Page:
Social media: it’s not just for college kids and Beliebers.
And that connection I share with you all, that sustains me in my moments when I questioned my sanity going into the profession in the first place, is why I wanted to speak at AAHA.
I thought it went well, at least until I saw the first group picture.
The Boxer is an amazing dog and is extremely playful, energetic and definitely a handful (in a good way of course). This breed if dog is extremely loyal and when a friendship is built it lasts forever. The boxer is very unique and not for everyone, if you’re a new owner of a boxer you have to be aware that they need a lot of attention and training. They are extremely intelligent dogs which can work to your advantage when it comes to training, but then again can be very disadvantageous as they know how to use their intelligence to get what they want.
Boxer dog training consists of training them up to become guard dogs, this is their main profession if you like. People who don’t know boxers tend to assume that they are naturally aggressive when they are in fact the opposite and couldn’t be more playful than any other dog! Because of their good stature and aggressive look, people are automatically assuming this dog could do more harm than good. If your boxer isn’t trained properly then he just might.
Because of their intelligence Boxers can be very stubborn but when it comes to training a boxer it can be very helpful. Owners must remember that there will be times when you ask him to do something and he’s going to look you in the face and basically tell you where to go, he knows he is supposed to do what you are telling him but he decides he can’t be bothered and doesn’t. The main thing you have to remember in these circumstances is to be patient. From as early as 6 weeks old you should start your boxer dog training as this will help him when he grows up, socialize him, play with him and teach him, but do it in an exciting way and he is more likely to listen.
The main aspect of training for a boxer is socialization. Boxers can be very friendly dogs but they need to be trained to become one. They need to get accustomed to other dogs and people. The best way to do this is training classes. That way your boxer will be trained alongside other dogs.
When your boxer reaches 13-16 weeks old it’s time for some serious boxer dog training, this is the stage where he is going to test for dominance, he will nip and try to show you that he is the more dominant one, mainly by not listening to you. You have to be a strong leader at this time, you must show him that him acting like that will not be tolerated no matter what!
Boxers are genuinely a lovable family dog and would make a proud pet for anyone, they are dogs that prefer to sit on you lap for a cuddle than anything else. Train your boxer early with some serious boxer dog training and you can be assured you will have a stunning, loyal family friend!
When Lily the pit bull wants a burger, she's going to tell you … OK, she'll at least try. Fine. Maybe she's not exactly saying "hamburger" — but, I'm 99% sure. If a dog were trying to speak, what else would they be trying to say?
Judge for yourself:
What's possibly cuter than pets trying to speak?! Absolutely nothing —
This post is brought to you by Betty Chu, an Executive Producer for AnimalPlanet.com and a Guest Contributor for The Daily Treat.
The newest dog training craze is clicker dog training. A clicker is a small rectangular plastic box with a metal button on top that clicks, hence the name clicker. It’s the type of training that the dog decides whether or not it suits him. There have been a lot of success stories with clickers, but with my dog he just didn’t want to know!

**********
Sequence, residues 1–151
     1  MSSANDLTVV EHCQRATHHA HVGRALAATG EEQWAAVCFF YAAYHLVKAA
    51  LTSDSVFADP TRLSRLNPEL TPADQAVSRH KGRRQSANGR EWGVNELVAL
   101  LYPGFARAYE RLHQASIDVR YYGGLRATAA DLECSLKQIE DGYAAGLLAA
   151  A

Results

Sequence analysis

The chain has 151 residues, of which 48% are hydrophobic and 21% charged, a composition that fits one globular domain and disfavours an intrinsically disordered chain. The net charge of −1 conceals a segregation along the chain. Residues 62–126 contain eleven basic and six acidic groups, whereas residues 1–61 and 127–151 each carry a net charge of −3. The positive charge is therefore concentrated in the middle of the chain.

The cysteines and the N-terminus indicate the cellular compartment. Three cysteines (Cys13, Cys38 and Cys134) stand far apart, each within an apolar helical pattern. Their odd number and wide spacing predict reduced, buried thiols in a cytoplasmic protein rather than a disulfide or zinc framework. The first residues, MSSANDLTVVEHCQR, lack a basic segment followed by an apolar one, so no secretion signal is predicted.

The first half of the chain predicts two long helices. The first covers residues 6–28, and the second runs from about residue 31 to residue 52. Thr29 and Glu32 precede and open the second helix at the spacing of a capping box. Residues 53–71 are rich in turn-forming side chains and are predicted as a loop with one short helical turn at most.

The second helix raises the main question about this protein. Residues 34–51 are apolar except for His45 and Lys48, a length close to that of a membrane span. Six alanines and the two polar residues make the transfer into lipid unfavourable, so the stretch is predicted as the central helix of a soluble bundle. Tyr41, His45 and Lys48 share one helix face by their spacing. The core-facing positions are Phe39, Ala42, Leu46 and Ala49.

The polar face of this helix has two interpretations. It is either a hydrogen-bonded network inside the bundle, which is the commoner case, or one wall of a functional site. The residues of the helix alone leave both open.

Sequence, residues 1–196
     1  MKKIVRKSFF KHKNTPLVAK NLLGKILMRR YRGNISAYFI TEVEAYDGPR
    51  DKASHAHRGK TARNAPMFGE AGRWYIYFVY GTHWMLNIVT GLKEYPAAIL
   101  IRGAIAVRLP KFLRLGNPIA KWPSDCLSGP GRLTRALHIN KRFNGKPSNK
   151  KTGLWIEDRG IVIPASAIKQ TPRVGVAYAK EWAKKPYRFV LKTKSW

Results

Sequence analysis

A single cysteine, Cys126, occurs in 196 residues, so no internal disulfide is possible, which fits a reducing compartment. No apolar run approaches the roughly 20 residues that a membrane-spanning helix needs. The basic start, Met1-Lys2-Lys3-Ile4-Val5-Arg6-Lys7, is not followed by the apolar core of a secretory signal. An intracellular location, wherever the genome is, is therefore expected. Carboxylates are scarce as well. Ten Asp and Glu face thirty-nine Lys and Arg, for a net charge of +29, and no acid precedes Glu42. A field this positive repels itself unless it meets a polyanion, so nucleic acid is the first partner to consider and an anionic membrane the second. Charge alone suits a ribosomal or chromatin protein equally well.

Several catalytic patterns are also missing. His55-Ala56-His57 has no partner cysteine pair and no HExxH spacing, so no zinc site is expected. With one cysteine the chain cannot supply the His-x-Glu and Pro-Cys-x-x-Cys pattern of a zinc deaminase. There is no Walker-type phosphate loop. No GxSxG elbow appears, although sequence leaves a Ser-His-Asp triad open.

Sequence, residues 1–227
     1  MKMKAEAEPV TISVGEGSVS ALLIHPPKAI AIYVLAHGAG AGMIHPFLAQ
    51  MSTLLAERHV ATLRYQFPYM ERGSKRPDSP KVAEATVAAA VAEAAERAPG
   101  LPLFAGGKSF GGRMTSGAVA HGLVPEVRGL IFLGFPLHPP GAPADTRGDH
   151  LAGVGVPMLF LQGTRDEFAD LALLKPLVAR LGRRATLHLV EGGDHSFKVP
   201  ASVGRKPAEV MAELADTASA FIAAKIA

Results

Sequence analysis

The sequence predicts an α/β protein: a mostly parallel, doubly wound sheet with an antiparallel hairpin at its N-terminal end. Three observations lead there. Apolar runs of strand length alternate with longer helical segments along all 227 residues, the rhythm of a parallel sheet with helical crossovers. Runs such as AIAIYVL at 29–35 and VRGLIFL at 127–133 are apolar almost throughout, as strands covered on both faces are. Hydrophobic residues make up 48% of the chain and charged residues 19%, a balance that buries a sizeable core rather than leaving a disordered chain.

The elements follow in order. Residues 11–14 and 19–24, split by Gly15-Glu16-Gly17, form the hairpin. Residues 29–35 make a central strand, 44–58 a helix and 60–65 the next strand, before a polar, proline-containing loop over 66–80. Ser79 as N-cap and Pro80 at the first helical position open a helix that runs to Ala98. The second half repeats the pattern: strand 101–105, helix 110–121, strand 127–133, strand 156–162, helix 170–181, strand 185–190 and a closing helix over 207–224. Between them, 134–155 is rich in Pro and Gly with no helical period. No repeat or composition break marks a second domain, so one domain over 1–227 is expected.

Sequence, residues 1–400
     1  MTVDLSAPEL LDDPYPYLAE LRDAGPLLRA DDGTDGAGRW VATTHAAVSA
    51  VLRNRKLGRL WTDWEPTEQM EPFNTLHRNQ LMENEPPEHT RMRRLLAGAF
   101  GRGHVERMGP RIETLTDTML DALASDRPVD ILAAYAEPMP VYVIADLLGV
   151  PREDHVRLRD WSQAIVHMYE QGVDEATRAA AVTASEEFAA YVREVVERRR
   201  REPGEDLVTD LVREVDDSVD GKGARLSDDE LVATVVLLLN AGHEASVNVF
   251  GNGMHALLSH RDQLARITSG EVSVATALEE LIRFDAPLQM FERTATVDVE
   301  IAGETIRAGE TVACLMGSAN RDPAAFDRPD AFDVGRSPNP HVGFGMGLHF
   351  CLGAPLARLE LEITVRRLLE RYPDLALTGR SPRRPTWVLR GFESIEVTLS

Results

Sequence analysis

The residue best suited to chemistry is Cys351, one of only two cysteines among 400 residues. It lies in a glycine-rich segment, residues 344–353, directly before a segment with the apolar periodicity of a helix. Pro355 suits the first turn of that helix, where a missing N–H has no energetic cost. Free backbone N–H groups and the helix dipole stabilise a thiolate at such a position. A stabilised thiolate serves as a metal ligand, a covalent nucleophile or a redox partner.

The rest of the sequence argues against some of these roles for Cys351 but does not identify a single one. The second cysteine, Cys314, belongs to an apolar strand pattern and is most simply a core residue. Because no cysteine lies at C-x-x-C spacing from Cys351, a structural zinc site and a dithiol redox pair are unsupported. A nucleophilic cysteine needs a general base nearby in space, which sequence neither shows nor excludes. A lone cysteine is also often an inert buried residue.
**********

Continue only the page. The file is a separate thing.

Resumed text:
Researchers in dog studies believe that the clicker promotes enforced training, without punishment! As we all know when we do something good and get rewarded for it we are going to do the same again, a dog thinks the same way. Dogs learn through consequences, if they do something and it earns them a treat and praise they are going to want to do it again because they like this consequence. If they do something that you don’t like and they get ignored or said no to in a strict voice they know that they aren’t going to get any treats so are not going to do it again.
Clicker dog training works in such a way it reinforces good behavior. If your dog sits, click and give him a treat. The next time he sits do the same but don’t say anything to him. He will soon realize that when he sits he will get a treat and hear a click, so when you eventually come to click before he sits he knows to sit. Its not all that confusing when you think about it.
Punishment is not used with clicker dog training as researchers believe that although punishment does stop some bad behavior it may also create another unwanted behavior. Punishment is almost always carried out after the dog has done something wrong so dogs see punishment as a random consequence therefore punishment doesn’t really solve anything.
Clicker dog training is not only used or dogs! It is widely used for other animals such as dolphins and horses. It is a widely practiced training method and does produce results; if carried out properly.
Image by Selbe B
I clean my ferrets ears quite often, about every few weeks. I looked at Munchlet today and found this. It is like he has tons of wax. I have never seen this much wax in and coming out of a ferrets ears in just a few weeks. It is in just one ear. The other ear only has a little bit of wax, nothing out of the norm. What could cause something so bad? He usually sleeps on this ear. Maybe it’s ear mites. I’ve never seen a case on a ferret before.
We are in the process of moving to CT and his ear cleaner is currently down there. It was too late to run to the store. I used water to clean his ear out, I felt so bad for him.
UPDATE: After a trip to the vet and a few test is was determined that he has an ear infection, not mites.
Bacterial infection leads to plant death in tissue culture tube
Image by IITA Image Library
Plant death as a result of bacterial infection of yam in tissue culture tube. (file name: GE_TI_005a)